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Paul Franks

Paul Franks

Principal investigator

Paul Franks

Tooth loss is a complex measure of oral disease : Determinants and methodological considerations

Author

  • Simon Haworth
  • Dmitry Shungin
  • So Young Kwak
  • Hae Young Kim
  • Nicola X. West
  • Steven J. Thomas
  • Paul W. Franks
  • Nicholas J. Timpson
  • Min Jeong Shin
  • Ingegerd Johansson

Summary, in English

Objectives: Counts of missing teeth or measures of incident tooth loss are gaining attention as a simple way to measure dental status in large population studies. We explore the meaning of these metrics and how missing teeth might influence other measures of dental status. Methods: An observational study was performed in 2 contrasting adult populations. In total, 62 522 adult participants were available with clinically assessed caries and periodontal indices from the Swedish arm of the Gene-Lifestyle Interactions and Dental Endpoints Study (GLIDE) and the Korea National Health and Nutrition Examination Survey (KNHANES) in the Republic of Korea. Longitudinal measures of tooth loss were available for 28 244 participants in GLIDE with median follow-up of 10.6 years. Results: In longitudinal analysis, hazard for tooth loss was associated with baseline dental status (previous tooth loss, periodontal status and caries status) and socio-demographic variables (age, smoking status and highest educational level). Analysis of cross-sectional data suggested that indices of caries exposure were not independent of periodontal status. The strength and direction of association varied between groups, even for measures specifically intended to avoid measuring tooth loss. Individuals with impaired periodontal health (community periodontal index [CPI] 3 or higher in any sextant) had higher standardized decayed and filled surfaces (DFS; number of DFS divided by total number of tooth surfaces) in GLIDE (incidence risk ratio [IRR] 1.05 [95% CI: 1.04, 1.07], but lower standardized DFS in KNHANES (IRR: 0.95 [0.92, 0.98]) than individuals with better periodontal health (CPI <3 in all sextants). Conclusions: Incident tooth loss is a complex measure of dental disease, with multiple determinants. The relative importance of dental caries and periodontal disease as drivers of tooth loss differs between age groups. Measures of dental caries exposure are associated with periodontal status in the studied populations, and these associations can be population-specific. Consideration of the study-specific properties of these metrics may be required for valid inference in large population studies.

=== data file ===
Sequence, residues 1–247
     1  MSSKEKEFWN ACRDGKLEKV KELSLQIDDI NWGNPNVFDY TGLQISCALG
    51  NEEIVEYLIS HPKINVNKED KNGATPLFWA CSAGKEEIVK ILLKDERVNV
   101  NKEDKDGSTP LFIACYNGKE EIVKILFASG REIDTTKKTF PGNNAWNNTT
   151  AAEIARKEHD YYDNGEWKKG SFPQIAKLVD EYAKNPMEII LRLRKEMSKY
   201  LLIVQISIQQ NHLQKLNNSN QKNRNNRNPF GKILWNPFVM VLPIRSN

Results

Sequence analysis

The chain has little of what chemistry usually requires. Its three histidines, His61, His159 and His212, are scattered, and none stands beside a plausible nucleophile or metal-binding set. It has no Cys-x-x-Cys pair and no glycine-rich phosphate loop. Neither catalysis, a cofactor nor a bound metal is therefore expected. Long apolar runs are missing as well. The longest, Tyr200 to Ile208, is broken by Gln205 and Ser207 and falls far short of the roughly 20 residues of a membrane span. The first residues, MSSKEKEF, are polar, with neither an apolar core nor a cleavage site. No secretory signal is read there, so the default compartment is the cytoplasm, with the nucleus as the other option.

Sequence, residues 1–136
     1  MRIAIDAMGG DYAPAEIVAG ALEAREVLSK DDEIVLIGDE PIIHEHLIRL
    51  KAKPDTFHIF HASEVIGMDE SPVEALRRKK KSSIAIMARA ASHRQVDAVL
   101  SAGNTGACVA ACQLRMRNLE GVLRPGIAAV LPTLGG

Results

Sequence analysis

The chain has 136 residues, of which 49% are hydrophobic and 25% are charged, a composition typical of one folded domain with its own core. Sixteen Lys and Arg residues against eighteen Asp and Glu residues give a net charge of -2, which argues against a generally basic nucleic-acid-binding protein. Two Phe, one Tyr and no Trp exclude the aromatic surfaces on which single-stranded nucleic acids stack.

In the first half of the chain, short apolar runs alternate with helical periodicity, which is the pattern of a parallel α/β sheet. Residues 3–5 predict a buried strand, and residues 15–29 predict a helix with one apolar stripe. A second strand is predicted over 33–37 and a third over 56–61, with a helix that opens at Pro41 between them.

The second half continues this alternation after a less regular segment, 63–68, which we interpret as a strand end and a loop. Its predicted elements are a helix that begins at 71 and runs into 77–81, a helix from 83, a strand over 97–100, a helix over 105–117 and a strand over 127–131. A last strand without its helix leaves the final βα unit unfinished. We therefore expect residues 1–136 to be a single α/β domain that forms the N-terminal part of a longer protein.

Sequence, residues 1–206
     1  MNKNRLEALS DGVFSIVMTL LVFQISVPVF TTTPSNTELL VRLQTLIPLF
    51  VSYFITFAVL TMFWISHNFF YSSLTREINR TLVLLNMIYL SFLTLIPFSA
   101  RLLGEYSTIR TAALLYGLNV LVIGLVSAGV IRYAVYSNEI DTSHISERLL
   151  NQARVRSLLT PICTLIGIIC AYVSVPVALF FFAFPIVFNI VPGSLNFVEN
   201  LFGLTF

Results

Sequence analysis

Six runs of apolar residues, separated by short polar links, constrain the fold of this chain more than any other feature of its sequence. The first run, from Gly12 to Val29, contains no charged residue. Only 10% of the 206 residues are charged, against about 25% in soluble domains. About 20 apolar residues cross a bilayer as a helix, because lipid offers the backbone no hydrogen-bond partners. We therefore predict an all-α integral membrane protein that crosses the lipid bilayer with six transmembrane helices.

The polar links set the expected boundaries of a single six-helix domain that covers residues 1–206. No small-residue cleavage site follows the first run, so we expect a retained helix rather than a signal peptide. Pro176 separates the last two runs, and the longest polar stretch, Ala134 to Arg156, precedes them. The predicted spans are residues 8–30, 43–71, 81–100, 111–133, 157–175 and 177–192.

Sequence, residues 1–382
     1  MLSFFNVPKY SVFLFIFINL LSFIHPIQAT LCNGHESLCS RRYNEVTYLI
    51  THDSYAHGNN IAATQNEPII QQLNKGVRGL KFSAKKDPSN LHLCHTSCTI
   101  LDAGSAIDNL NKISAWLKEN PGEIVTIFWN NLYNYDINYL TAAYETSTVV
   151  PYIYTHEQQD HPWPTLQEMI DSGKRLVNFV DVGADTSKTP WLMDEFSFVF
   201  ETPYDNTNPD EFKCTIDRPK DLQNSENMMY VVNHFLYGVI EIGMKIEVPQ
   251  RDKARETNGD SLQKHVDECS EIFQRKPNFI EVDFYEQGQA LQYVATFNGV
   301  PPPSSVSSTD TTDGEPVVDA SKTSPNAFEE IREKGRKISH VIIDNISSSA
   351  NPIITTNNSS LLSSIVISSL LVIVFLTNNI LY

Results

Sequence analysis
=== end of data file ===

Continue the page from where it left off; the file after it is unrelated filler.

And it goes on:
Department/s

  • Genetic and Molecular Epidemiology
  • EXODIAB: Excellence in Diabetes Research in Sweden
  • EpiHealth: Epidemiology for Health

Publishing year

2018

Language

English

Pages

555-562

Publication/Series

Community Dentistry and Oral Epidemiology

Volume

46

Issue

6

Document type

Journal article

Publisher

Munksgaard International Publishers

Topic

  • Dentistry

Keywords

  • caries
  • epidemiology
  • periodontal diseases
  • tooth loss

Status

Published

Research group

  • Genetic and Molecular Epidemiology

ISBN/ISSN/Other

  • ISSN: 0301-5661